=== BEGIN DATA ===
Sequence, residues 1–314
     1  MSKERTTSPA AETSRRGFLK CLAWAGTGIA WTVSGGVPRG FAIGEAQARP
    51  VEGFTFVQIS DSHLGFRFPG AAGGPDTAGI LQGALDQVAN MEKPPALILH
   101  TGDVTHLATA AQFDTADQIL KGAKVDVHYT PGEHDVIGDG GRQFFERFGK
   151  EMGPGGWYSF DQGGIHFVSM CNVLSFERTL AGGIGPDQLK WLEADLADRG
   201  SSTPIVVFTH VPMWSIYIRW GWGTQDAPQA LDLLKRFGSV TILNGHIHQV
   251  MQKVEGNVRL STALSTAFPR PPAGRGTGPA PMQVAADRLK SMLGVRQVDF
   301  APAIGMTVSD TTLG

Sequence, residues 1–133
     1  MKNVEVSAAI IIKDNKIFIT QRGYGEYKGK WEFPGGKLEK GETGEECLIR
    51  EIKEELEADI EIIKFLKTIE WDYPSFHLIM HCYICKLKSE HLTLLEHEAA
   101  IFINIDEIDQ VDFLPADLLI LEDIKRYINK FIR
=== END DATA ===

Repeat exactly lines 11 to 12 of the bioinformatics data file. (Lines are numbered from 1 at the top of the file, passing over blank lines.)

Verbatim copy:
    51  EIKEELEADI EIIKFLKTIE WDYPSFHLIM HCYICKLKSE HLTLLEHEAA
   101  IFINIDEIDQ VDFLPADLLI LEDIKRYINK FIR